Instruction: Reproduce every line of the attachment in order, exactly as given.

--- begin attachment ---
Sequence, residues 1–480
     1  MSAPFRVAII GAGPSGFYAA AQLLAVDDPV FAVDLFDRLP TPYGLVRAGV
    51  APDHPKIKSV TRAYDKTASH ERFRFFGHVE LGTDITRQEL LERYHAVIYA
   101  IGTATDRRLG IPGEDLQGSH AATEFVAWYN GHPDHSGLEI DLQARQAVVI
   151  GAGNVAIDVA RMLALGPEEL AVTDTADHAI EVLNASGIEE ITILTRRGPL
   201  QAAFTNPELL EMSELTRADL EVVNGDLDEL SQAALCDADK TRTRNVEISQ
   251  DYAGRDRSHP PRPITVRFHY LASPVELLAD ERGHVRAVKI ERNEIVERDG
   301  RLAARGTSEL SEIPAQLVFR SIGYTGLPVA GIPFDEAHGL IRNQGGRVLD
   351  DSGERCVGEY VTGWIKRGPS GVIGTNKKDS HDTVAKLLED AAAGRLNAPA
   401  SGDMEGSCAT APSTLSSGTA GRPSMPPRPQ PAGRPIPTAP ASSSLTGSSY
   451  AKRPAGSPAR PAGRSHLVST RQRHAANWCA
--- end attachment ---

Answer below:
Sequence, residues 1–480
     1  MSAPFRVAII GAGPSGFYAA AQLLAVDDPV FAVDLFDRLP TPYGLVRAGV
    51  APDHPKIKSV TRAYDKTASH ERFRFFGHVE LGTDITRQEL LERYHAVIYA
   101  IGTATDRRLG IPGEDLQGSH AATEFVAWYN GHPDHSGLEI DLQARQAVVI
   151  GAGNVAIDVA RMLALGPEEL AVTDTADHAI EVLNASGIEE ITILTRRGPL
   201  QAAFTNPELL EMSELTRADL EVVNGDLDEL SQAALCDADK TRTRNVEISQ
   251  DYAGRDRSHP PRPITVRFHY LASPVELLAD ERGHVRAVKI ERNEIVERDG
   301  RLAARGTSEL SEIPAQLVFR SIGYTGLPVA GIPFDEAHGL IRNQGGRVLD
   351  DSGERCVGEY VTGWIKRGPS GVIGTNKKDS HDTVAKLLED AAAGRLNAPA
   401  SGDMEGSCAT APSTLSSGTA GRPSMPPRPQ PAGRPIPTAP ASSSLTGSSY
   451  AKRPAGSPAR PAGRSHLVST RQRHAANWCA